Tuesday, October 09, 2007

Interest rate mechanism

These notes by Janet L. Yellen, President and CEO, Federal Reserve Bank of San Francisco, say there is a question about how exactly interest rate reductions by the Fed impact consumer spending, and the broader economy.
Now let me return to the national economy. Beyond the housing sector’s direct impact on GDP growth, a significant issue is its impact on personal consumption expenditures, which have been the main engine of growth in recent years. Indeed, data on consumption spending in the last few months have continued to show strength. The nature and extent of the linkages between housing and consumer spending, however, are a topic of debate among economists. Some believe that these linkages run mainly through total wealth, of which housing wealth is a part. Others argue that house prices affect consumer spending by changing the value of mortgage equity. Less equity, for example, reduces the quantity of funds available for credit-constrained consumers to borrow through home equity loans or to withdraw through refinancing. The key point is that, according to both theories, a drop in house prices is likely to restrain consumer spending to some extent, and this view is backed up by empirical research on the U.S. economy.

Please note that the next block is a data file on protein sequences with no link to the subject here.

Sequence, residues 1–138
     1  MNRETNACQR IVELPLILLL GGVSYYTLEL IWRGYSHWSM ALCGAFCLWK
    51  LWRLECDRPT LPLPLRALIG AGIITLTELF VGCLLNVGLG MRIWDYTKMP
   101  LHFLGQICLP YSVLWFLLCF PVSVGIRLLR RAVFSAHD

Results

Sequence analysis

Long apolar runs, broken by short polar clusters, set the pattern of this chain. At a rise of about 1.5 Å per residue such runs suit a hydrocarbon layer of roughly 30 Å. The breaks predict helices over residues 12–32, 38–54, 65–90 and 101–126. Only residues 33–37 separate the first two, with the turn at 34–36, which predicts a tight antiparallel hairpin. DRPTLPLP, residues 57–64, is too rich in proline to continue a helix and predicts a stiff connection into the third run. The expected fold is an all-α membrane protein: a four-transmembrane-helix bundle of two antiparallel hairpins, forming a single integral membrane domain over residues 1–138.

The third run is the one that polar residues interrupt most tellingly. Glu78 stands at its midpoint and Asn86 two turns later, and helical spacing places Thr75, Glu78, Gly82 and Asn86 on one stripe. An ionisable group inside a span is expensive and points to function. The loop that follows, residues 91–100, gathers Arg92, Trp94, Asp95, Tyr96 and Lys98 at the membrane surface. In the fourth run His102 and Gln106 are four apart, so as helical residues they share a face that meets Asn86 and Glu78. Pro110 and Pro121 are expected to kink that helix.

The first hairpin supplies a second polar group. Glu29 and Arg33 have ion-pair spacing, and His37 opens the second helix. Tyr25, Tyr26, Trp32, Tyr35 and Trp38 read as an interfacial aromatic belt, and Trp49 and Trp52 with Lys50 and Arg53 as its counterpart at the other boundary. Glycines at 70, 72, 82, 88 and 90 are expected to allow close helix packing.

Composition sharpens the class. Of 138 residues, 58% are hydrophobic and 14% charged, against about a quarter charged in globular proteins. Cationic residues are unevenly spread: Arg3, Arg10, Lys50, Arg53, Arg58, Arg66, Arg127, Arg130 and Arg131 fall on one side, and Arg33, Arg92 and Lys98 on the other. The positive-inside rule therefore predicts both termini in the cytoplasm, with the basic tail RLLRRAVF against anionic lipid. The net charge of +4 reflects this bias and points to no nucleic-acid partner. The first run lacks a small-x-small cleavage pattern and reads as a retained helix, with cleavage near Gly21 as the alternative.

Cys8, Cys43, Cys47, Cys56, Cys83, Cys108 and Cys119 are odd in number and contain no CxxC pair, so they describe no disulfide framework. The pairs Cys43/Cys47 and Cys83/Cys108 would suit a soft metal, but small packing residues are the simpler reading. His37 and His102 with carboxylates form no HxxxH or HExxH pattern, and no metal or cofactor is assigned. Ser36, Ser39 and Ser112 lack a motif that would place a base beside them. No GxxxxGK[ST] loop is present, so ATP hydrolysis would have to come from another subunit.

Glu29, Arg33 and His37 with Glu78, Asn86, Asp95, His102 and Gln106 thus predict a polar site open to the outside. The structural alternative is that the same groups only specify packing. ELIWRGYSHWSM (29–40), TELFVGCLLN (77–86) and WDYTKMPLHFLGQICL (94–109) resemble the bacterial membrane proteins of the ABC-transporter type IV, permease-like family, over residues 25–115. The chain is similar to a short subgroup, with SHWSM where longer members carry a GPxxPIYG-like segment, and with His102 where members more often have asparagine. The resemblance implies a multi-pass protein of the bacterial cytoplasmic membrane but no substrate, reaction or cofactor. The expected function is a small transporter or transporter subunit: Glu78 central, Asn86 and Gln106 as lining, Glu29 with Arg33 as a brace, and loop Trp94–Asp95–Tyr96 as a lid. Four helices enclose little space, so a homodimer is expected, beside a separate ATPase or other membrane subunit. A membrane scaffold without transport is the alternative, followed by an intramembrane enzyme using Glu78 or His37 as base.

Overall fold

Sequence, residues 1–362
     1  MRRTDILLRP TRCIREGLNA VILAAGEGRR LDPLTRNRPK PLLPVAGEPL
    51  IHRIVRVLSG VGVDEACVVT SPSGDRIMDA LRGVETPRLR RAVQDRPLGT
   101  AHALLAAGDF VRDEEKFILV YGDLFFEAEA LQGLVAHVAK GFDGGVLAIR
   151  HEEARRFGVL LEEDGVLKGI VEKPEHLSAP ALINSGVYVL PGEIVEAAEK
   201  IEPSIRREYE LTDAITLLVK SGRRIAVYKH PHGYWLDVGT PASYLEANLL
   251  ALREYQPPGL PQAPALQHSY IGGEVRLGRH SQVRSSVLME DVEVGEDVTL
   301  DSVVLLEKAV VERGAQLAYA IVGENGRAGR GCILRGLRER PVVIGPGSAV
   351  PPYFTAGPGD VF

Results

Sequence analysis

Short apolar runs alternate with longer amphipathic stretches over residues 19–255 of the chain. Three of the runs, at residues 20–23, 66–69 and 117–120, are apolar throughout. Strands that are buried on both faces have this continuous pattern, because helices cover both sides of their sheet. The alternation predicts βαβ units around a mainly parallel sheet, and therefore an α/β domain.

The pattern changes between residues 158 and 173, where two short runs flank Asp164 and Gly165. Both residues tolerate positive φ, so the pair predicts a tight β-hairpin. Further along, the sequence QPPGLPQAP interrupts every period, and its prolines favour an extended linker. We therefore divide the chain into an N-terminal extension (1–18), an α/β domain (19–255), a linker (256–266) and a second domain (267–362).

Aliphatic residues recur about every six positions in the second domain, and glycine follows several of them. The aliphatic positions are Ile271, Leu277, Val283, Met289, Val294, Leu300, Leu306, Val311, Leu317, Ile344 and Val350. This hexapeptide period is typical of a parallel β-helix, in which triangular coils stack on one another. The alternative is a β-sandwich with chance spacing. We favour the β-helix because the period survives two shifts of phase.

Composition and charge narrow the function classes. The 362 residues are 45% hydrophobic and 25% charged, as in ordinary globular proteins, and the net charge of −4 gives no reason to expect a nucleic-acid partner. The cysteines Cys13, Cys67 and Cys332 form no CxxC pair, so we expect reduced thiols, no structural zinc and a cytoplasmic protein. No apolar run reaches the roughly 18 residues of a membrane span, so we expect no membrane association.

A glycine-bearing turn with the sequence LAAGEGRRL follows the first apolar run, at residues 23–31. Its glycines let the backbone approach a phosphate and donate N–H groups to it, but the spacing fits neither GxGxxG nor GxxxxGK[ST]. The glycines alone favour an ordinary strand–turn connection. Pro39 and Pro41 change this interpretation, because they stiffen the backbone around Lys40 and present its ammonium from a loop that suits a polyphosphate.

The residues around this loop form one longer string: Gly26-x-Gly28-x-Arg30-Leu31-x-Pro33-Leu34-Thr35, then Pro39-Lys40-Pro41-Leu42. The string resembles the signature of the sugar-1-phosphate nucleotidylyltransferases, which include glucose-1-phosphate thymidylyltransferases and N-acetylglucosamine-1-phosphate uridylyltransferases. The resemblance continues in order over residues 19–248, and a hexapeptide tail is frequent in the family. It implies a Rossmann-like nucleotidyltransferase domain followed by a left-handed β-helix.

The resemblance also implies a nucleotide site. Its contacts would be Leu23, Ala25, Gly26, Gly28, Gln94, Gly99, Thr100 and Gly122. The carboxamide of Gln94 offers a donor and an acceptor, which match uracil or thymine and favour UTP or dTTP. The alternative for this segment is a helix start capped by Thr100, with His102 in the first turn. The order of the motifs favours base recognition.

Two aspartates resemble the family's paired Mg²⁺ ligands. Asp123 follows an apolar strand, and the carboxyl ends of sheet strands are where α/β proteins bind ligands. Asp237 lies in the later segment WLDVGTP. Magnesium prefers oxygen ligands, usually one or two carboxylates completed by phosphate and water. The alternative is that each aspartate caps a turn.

A friend of mine at Chicago told me that MEW was the primary mechanism by which lower interest rates contributed to increased consumer spending.


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